Effect of cold storage on immediate graft function in an experimental model of renal transplantation in cats

Rebecca A. Csomos Department of Surgical Sciences, School of Veterinary Medicine, University of Wisconsin, Madison, WI 53706.

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Robert J. Hardie Department of Surgical Sciences, School of Veterinary Medicine, University of Wisconsin, Madison, WI 53706.

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Chad W. Schmiedt Department of Surgical Sciences, School of Veterinary Medicine, University of Wisconsin, Madison, WI 53706.

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Fern A. Delaney Department of Surgical Sciences, School of Veterinary Medicine, University of Wisconsin, Madison, WI 53706.

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Jonathan F. McAnulty Department of Surgical Sciences, School of Veterinary Medicine, University of Wisconsin, Madison, WI 53706.

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Abstract

OBJECTIVE To assess the effect of cold storage (CS) on immediate posttransplantation function of renal autografts in cats.

ANIMALS 15 healthy 1-year-old cats.

PROCEDURES Cats were assigned to 2 groups and underwent autotransplantation of the left kidney followed by nephrectomy of the right kidney. The left kidney was autotransplanted either immediately (IT group; n = 6) or after being flushed with a cold sucrose phosphate solution and stored on ice while the implant site was prepared (CS group; 9). Serum creatinine and BUN concentrations were monitored daily and autografts were ultrasonographically examined intermittently for 14 days after surgery.

RESULTS Mean duration of CS was 24 minutes for the CS group. Posttransplantation serum creatinine and BUN concentrations for the CS group had lower peak values, returned to the respective reference ranges quicker, and were generally significantly lower than those for the IT group. Mean posttransplantation autograft size for the CS group was smaller than that for the IT group.

CONCLUSIONS AND CLINICAL RELEVANCE Results indicated that immediate posttransplantation function of renal autografts following a short period of CS was better than that of renal autografts that did not undergo CS, which suggested CS protected grafts from ischemic injury and may decrease perioperative complications, speed recovery, and improve the long-term outcome for cats with renal transplants.

IMPACT FOR HUMAN MEDICINE Cats metabolize immunosuppressive drugs in a manner similar to humans; therefore, renal transplantation in cats may serve as a desirable model for investigating the effects of renal transplantation in human patients.

Abstract

OBJECTIVE To assess the effect of cold storage (CS) on immediate posttransplantation function of renal autografts in cats.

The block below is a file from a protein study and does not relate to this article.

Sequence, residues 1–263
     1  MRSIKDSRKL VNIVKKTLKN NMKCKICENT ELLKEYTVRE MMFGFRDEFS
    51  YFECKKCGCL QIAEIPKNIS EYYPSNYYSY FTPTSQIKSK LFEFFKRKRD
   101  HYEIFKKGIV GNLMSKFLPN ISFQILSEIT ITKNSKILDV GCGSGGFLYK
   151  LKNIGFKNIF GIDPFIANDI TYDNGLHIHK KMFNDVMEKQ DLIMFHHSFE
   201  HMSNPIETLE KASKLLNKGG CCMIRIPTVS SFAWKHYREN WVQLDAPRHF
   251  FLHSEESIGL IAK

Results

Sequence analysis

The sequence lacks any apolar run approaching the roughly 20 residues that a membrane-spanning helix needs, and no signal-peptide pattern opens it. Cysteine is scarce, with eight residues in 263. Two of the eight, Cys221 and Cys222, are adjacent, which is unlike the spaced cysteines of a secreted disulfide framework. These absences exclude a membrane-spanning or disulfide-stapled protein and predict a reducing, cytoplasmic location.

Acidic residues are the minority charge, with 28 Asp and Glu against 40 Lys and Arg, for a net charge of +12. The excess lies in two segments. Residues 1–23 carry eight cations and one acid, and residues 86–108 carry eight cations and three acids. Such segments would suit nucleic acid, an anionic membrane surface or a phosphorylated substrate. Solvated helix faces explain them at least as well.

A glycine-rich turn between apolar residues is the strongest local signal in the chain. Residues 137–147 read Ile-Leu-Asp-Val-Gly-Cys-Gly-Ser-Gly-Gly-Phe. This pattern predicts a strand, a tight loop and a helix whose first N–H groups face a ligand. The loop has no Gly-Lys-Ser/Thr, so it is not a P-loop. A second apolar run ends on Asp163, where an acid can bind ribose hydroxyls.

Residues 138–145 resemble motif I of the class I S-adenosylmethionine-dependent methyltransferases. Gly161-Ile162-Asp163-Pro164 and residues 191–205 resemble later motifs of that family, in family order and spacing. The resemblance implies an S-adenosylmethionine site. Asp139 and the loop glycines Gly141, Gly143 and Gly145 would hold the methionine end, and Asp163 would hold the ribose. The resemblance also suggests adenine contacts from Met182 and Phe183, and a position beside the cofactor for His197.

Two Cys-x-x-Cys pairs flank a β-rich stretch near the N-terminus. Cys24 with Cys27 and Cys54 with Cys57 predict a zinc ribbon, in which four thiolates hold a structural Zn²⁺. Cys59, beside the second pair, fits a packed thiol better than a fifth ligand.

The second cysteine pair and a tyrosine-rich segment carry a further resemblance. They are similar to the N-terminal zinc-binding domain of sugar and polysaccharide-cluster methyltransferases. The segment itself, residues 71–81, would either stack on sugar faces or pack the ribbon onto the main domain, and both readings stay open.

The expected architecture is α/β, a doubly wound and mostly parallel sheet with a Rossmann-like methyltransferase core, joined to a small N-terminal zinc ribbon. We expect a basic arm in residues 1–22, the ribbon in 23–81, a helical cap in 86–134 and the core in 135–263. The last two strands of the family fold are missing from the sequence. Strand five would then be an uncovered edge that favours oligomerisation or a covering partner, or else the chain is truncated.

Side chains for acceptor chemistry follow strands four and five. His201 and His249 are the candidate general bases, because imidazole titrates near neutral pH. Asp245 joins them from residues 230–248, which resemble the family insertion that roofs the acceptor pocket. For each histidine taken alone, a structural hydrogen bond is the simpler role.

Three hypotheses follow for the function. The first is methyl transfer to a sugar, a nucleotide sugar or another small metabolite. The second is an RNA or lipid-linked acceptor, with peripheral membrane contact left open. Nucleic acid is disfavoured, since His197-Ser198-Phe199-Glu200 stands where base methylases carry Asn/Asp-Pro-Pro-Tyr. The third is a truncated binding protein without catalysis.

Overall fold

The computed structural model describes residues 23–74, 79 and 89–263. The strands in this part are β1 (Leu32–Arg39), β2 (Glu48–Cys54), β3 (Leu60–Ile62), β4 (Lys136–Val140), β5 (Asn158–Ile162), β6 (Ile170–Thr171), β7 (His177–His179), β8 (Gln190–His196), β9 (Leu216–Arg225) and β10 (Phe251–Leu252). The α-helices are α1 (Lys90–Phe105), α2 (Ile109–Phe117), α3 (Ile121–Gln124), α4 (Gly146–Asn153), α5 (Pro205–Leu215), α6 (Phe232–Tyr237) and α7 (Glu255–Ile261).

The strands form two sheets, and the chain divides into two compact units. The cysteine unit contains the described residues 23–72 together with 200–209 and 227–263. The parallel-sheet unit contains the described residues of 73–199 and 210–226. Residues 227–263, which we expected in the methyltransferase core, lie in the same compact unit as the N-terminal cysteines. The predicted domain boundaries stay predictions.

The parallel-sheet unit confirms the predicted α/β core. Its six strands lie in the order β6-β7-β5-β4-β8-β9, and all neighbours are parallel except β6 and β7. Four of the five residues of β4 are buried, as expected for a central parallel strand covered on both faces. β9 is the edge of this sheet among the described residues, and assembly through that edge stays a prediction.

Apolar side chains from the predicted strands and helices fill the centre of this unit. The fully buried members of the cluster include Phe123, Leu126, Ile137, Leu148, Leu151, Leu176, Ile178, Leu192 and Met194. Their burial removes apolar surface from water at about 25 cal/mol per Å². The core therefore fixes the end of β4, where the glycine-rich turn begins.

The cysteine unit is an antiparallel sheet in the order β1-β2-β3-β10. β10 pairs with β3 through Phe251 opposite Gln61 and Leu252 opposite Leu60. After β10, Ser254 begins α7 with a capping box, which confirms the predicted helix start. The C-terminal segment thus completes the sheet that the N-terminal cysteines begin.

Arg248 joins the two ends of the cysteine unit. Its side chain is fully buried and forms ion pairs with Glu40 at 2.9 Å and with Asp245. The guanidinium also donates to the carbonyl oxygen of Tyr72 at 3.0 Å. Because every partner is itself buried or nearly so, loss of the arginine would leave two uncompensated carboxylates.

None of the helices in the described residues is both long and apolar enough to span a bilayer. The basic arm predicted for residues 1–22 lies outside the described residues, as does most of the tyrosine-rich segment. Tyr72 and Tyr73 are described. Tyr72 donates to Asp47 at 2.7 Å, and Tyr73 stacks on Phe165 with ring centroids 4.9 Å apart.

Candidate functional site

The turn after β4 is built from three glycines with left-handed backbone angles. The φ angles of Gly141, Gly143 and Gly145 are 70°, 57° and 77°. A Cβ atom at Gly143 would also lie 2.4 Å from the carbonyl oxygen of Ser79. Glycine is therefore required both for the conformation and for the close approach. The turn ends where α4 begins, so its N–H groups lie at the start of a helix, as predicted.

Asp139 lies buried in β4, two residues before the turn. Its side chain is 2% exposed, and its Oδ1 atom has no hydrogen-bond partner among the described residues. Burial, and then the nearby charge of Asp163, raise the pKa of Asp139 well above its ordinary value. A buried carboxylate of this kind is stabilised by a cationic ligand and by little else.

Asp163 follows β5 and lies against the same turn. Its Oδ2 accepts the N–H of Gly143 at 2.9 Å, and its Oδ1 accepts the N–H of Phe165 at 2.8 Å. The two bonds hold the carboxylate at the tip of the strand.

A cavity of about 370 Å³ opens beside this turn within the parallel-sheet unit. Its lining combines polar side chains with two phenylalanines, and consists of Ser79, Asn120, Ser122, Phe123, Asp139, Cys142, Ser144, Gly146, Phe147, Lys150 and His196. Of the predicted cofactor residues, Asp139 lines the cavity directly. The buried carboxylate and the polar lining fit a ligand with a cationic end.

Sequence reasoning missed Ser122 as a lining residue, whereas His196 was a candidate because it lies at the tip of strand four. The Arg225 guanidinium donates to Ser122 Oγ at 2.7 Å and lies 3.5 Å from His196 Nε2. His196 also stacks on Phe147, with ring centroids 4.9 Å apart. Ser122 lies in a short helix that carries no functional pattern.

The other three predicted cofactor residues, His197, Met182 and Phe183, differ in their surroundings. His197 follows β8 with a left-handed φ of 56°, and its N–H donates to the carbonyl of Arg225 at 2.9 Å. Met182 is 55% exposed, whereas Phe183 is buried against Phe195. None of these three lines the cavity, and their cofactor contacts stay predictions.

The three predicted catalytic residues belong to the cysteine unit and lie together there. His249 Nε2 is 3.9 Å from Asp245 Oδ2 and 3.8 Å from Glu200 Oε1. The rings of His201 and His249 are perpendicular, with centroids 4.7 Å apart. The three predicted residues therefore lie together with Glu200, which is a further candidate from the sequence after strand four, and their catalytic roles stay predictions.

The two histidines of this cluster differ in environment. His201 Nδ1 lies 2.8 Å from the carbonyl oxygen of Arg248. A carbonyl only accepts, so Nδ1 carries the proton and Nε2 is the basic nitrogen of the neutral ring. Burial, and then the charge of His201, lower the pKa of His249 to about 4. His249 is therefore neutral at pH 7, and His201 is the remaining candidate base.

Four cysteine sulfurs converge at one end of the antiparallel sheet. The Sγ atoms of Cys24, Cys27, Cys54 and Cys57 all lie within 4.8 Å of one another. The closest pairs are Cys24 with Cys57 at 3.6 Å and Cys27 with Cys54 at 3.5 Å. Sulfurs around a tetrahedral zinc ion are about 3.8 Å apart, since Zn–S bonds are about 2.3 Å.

ANIMALS 15 healthy 1-year-old cats.

PROCEDURES Cats were assigned to 2 groups and underwent autotransplantation of the left kidney followed by nephrectomy of the right kidney. The left kidney was autotransplanted either immediately (IT group; n = 6) or after being flushed with a cold sucrose phosphate solution and stored on ice while the implant site was prepared (CS group; 9). Serum creatinine and BUN concentrations were monitored daily and autografts were ultrasonographically examined intermittently for 14 days after surgery.

RESULTS Mean duration of CS was 24 minutes for the CS group. Posttransplantation serum creatinine and BUN concentrations for the CS group had lower peak values, returned to the respective reference ranges quicker, and were generally significantly lower than those for the IT group. Mean posttransplantation autograft size for the CS group was smaller than that for the IT group.

CONCLUSIONS AND CLINICAL RELEVANCE Results indicated that immediate posttransplantation function of renal autografts following a short period of CS was better than that of renal autografts that did not undergo CS, which suggested CS protected grafts from ischemic injury and may decrease perioperative complications, speed recovery, and improve the long-term outcome for cats with renal transplants.

IMPACT FOR HUMAN MEDICINE Cats metabolize immunosuppressive drugs in a manner similar to humans; therefore, renal transplantation in cats may serve as a desirable model for investigating the effects of renal transplantation in human patients.

Contributor Notes

Dr. Csomos’ present address is Med-Vet Medical and Cancer Centers for Pets, 2611 Florida St, Mandeville, LA 70448.

Dr. Schmiedt's present address is the Department of Small Animal Medicine and Surgery, College of Veterinary Medicine, University of Georgia, Athens, GA 30602.

Address correspondence to Dr. McAnulty (jonathan.mcanulty@wisc.edu).
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